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The Whitsell Auditorium and the Northwest Film Center Equipment Room are closed to the public in an effort to further stem the spread of COVID-19. All classes canceled until further notice. Stay connected to art, film, and more by signing up for our newsletter.

June 15 – June 29, 2016

Welcome to the 24th annual Portland Jewish Film Festival, produced by the Northwest Film Center and co-presented with the Institute for Judaic Studies. While the Festival specifically celebrates the diversity of Jewish history, culture, and identity, we hope that these films, and the stories they tell, resonate beyond their settings and speak to universal experiences and issues that confront our common humanity.

Special thanks to our sponsors: Oregon Israel Fund of OJCF; Oregon Jewish Life Magazine; Leonard & Lois Schnitzer Charitable Supporting Fund of OJCF; Diane Solomon, Family fund; Cedar Sinai Park; Schnitzer CARE Foundation; Reuben & Liz Menashe; Carolyn Weinstein, Hasson Realtors; Jewish Federation of Greater Portland; Community Warehouse; Mittleman Jewish Community Center; Portland Jewish Academy; Holzman Foundation; JStreet; German Consulate; Jewish Family & Child Services and Oregon Jewish Museum and Center for Holocaust Education; Cong. Neveh Shalom, Cong. Shaarie Torah, Jim and Susan Winkler, and Margulis Jewelers.

Download a printable PDF of the Festival schedule

Want a Festival Pass? Join the Silver Screen Club at the Supporter level or above and bring along a guest for free!

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A Tale of Love and Darkness

Directed by Natalie Portman

Based on Amos Oz’s acclaimed international bestseller, A Tale of Love and Darkness recounts the time Oz spent with his

Censored Voices

Directed by Mor Loushy

The Six-Day War in 1967 ended with a stunning victory for Israeli military forces against neighboring countries Egypt, Syria, and

Demon

Directed by Marcin Wrona

Things quickly get out of hand at a Polish wedding when the groom appears to have been possessed by a

Fever at Dawn

Directed by Péter Gárdos

July, 1945. Miklos is a twenty-five-year-old Hungarian who has survived the camps and has been brought to Sweden to convalesce.

In Search of Israeli Cuisine

Directed by Roger Sherman

“If hummus and falafel are the only things that come to mind when you think about Israeli food, then this

Norman Lear: Just Another Version of You

Directed by Heidi Ewing, Rachael Grady

Norman Lear is arguably the most influential creator, writer, and producer in the history of television. His legendary 1970s TV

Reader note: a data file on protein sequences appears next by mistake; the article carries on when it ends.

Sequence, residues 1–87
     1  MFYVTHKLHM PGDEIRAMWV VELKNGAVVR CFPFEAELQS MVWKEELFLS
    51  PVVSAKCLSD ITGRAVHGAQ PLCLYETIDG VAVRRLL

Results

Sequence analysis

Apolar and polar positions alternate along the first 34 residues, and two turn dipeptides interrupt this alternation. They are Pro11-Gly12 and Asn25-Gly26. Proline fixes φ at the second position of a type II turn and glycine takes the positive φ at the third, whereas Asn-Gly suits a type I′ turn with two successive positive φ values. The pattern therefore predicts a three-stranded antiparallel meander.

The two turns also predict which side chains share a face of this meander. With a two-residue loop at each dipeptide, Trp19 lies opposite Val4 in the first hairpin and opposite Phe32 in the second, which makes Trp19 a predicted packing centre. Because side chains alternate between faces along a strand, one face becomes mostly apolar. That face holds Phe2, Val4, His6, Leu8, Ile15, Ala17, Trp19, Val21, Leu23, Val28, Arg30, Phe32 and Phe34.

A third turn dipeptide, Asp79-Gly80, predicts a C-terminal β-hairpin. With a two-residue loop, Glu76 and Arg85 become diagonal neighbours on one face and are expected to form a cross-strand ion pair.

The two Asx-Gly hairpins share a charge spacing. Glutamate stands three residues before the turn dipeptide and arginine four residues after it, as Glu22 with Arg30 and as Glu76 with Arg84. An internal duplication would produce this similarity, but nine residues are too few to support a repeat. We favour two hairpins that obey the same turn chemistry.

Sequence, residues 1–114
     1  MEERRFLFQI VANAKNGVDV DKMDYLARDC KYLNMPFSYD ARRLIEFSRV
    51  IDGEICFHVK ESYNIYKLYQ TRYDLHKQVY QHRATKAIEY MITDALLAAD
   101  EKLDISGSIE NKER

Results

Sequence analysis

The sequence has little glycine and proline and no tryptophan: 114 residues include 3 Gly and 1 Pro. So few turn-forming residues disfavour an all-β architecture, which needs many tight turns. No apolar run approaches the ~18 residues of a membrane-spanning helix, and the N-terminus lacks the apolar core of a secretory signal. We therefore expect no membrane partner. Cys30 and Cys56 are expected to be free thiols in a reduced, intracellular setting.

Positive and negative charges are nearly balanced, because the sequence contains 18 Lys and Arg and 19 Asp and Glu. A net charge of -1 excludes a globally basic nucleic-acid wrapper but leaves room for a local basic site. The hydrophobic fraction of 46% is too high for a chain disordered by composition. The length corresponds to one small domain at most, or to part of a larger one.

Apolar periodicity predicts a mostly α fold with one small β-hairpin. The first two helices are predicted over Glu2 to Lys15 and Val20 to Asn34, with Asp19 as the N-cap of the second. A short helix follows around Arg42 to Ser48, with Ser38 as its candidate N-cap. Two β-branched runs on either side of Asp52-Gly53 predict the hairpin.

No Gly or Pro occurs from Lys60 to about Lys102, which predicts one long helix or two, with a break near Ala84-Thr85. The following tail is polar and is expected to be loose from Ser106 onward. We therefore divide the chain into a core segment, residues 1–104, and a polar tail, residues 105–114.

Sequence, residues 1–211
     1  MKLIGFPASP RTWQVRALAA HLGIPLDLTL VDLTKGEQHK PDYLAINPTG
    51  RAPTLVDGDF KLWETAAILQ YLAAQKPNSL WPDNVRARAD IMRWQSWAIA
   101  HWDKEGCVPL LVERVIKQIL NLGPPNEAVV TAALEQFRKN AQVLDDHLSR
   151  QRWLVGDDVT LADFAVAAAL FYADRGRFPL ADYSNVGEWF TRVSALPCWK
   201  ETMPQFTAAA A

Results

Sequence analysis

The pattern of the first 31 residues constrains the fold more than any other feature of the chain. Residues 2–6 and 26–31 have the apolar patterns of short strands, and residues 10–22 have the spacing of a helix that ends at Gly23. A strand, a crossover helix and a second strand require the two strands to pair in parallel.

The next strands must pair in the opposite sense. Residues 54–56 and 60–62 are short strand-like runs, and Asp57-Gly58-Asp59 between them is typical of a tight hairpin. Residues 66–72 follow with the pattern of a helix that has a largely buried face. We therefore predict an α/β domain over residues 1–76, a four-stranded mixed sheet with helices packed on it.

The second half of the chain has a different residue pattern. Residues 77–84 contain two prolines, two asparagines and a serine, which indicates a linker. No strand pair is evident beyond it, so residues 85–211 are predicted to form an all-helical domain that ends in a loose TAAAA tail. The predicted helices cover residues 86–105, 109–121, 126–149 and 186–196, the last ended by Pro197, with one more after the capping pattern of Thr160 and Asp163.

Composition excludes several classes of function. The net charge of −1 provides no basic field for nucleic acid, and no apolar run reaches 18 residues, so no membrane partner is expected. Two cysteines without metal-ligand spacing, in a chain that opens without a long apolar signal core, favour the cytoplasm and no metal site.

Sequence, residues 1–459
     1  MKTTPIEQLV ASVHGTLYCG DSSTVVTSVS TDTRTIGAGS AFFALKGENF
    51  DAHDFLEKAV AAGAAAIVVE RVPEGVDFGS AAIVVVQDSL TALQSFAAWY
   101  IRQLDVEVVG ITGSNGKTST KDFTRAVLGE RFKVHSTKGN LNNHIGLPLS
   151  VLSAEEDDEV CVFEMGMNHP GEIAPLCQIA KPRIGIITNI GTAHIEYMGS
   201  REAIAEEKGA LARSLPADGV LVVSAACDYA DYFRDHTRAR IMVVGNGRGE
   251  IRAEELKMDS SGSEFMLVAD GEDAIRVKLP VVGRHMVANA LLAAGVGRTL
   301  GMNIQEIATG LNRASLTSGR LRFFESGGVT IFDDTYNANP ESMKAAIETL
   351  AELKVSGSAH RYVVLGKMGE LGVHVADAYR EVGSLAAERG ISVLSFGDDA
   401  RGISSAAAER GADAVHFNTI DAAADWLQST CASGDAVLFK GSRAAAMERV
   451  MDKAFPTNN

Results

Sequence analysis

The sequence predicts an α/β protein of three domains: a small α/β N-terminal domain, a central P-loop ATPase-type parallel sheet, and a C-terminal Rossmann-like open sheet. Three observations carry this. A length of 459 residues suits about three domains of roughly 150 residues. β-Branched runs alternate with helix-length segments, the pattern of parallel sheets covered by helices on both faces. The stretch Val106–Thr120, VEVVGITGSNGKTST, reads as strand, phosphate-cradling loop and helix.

Once in a Lifetime

Directed by Marie-Castille Mention-Schaar

A dedicated history teacher at a French high school, Anne is determined to give the best education she can to

P.S. Jerusalem

Directed by Danae Elon

P.S. Jerusalem is the story of one family in search of home. After living in New York City for two

The Art Dealer

Directed by François Margolin

When her art dealer husband brings home a ravishing 18th century painting, Esther, a journalist, thinks nothing of it until

The Kind Words

Directed by Shemi Zarhin, Sasson Gabai

Embittered, spiky-tempered restaurateur Dorona and her two very dissimilar brothers receive a bombshell when they learn the man who raised

The Kindergarten Teacher

Directed by Nadav Lapid

In this ambitious tale about the human drive to create, Nadav Lapid subverts the traditional teacher-student relationship, warping it from

The Last Mentsch

Directed by Pierre-Henry Salfati

Marcus Schwarz has spent a lifetime concealing his Jewish heritage. After surviving the horrors of Auschwitz, he has painstakingly created

The Midnight Orchestra

Directed by Jerome Cohen Olivar

Michael Abitbol, the son of a once famous Jewish musician, returns to Casablanca for the first time after leaving Morocco

Time to Say Goodbye

Directed by Viviane Andereggen

Twelve-year-old Simon has a lot to deal with. His life in Hamburg has him traveling back and forth like a

Vita Activa: The Spirit of Hannah Arendt

Directed by Ada Ushpiz

The German-Jewish philosopher Hannah Arendt caused an uproar in the 1960s by coining the subversive concept of the "Banality of



The Northwest Film Center recognizes and honors the Indigenous peoples of this region on whose ancestral lands the museum now stands. These include the Willamette Tumwater, Clackamas, Kathlemet, Molalla, Multnomah and Watlala Chinook Peoples and the Tualatin Kalapuya who today are part of the Confederated Tribes of Grand Ronde, and many other Native communities who made their homes along the Columbia River. We also want to recognize that Portland today is a community of many diverse Native peoples who continue to live and work here. We respectfully acknowledge and honor all Indigenous communities—past, present, future—and are grateful for their ongoing and vibrant presence.